You pay a lot to meet your maker almost anywhere in the United States, but some places are really pricey.
It costs on average somewhere between $2,124 and $7,422 to be buried or cremated in the United States, according to a new funeral cost data service.
However, on half of Long Island, among the most expensive of the New York City suburbs, it generally costs much more to die. That’s because two of its counties have the most expensive end of life expenses in the nation, according to Funeralocity.com.
Don’t Drop Dead on Long Island
In Nassau and Suffolk, the data base found the average cost for a full-service burial is $9,744 and an average cremation is some $3,547, the index said.
These end of life costs are 31 percent to 67 percent higher in Nassau and Suffolk counties than the national averages of the United States, Funeralocity said.
“It’s actually more expensive on Long Island than New York City,” says Funeralocity founder Ed Michael Reggie.
The Big Apple—Again Very Expensive
But New York City is also no bargain. Its average burial costs are $8,256. That’s about 11 percent higher than the national average, according to Funeralocity.
Staten Island, Queens and Manhattan are the priciest places to be interred, the survey found. They are respectively 19.9 percent, 14.1 percent and 12.6 percent higher than the national average.
Still, don’t head East to Long Island to die.
“It is very expensive in Nassau and Suffolk counties; many costs are high,” adds Michael Lanotte, executive director of the New York State Funeral Directors Association.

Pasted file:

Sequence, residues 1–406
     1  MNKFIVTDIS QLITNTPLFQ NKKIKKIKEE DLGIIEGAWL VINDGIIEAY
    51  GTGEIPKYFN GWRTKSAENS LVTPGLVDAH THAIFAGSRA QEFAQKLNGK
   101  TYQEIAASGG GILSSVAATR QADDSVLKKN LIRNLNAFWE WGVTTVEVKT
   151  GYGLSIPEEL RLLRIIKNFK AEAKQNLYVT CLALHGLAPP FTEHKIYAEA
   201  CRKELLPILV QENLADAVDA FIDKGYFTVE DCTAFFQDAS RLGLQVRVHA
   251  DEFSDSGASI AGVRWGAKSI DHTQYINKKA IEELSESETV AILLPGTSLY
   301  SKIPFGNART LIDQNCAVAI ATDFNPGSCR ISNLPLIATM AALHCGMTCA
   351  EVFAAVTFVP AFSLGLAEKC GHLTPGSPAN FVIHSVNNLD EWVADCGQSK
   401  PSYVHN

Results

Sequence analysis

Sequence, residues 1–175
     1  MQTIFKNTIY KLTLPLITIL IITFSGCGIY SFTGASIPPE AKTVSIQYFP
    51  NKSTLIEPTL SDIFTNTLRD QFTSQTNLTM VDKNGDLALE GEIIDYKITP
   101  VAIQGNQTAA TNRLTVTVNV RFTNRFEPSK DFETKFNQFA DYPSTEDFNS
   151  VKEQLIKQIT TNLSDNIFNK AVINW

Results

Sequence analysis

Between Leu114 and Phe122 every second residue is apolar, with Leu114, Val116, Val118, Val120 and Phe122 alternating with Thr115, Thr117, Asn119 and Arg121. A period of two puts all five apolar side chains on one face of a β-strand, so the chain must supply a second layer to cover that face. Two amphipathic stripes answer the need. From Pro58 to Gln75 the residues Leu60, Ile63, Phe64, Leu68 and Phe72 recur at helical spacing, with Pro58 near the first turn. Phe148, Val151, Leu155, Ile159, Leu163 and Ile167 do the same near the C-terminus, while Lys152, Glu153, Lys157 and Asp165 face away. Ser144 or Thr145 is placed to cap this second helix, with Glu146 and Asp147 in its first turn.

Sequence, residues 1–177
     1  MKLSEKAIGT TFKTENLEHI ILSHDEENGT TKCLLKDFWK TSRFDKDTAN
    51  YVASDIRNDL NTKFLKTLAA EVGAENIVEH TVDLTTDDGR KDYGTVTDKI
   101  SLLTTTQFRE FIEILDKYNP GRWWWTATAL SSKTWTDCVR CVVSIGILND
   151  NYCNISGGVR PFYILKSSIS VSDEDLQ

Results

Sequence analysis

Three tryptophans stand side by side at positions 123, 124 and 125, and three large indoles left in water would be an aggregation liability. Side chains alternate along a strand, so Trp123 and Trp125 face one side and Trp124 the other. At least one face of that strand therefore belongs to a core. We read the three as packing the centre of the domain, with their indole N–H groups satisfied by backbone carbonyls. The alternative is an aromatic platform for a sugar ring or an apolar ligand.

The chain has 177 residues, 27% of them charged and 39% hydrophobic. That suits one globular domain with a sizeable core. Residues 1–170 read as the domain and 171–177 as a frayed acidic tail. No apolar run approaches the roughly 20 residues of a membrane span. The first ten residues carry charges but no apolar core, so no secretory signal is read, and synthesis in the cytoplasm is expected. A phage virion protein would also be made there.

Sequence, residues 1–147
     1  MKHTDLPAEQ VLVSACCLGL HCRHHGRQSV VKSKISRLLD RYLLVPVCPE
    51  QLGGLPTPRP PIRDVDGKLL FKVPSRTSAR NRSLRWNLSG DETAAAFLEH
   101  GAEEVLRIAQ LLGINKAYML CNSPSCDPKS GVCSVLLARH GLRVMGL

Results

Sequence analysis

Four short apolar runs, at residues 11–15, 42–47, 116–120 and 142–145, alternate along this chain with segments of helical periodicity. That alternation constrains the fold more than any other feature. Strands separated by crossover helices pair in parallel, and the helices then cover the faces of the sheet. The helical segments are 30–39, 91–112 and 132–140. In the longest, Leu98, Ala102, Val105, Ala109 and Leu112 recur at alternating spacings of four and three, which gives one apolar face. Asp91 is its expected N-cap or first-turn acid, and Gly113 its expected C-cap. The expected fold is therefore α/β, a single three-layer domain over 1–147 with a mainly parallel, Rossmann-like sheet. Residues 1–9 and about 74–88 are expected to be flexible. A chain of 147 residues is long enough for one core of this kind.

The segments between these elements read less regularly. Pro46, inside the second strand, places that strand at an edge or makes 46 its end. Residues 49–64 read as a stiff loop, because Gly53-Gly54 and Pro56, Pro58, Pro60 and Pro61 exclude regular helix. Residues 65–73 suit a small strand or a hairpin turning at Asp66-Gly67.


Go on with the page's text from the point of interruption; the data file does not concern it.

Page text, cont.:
Why Relatives Pay Through the Nose
He spoke with several funeral home directors and said Long Islanders tend to have traditional attitudes toward burials. In these two counties, Lanotte added, most tend to want all the burial services, which drives up costs.
The Federal Trade Commission (FTC), as part of its funeral rule, says consumers should buy only the services they want.
“You have the right to buy separate goods—such as caskets—and services such as embalming or a memorial service. You do not have to accept a package that may include items you do not want,” the FTC wrote. For instance, the FTC said some states don’t require embalming.
The First Ever?
Funeralocity’s Reggie, who collected end of life costs in the nation’s 100 biggest metro areas, says the end of life online cost index is the first national database.
Reggie adds that some funeral directors “have a sales mentality.” So, his index information is vitally needed, Reggie says.
“It’s because people often passively accept these prices without understanding that there are other alternatives,” Reggie says.
Lanotte isn’t sure the Funeralocity service is the first. Be he said that, as a general resource along with other research, it might help.
Pre-Planning Makes Sense
And Reggie and Lanotte are in agreement on one point: Burial or cremation pre-planning is essential to avoid overpaying. Then it is done without emotion, they say, so the bereaved are much more likely to obtain the best prices.
Funeral directors, the FTC says, “must give you price information on the telephone if you ask for it.” The government agency says funeral homes aren’t required to mail price lists, but many do and some post them on line.
So, as with many other things, it makes sense to have a plan before you shop. As I have previously detailed in these pages and in our “MoneySense” book, sometimes just doing a little research can make a big difference. A few extra phone calls can often save you a lot of money in most circumstances.
Planning for the Extraordinary
Still, the death of a loved one isn’t “most circumstances.”
Often you can’t think clearly then for obvious reasons. So, take the advice of the pros, plan now for end of life costs.
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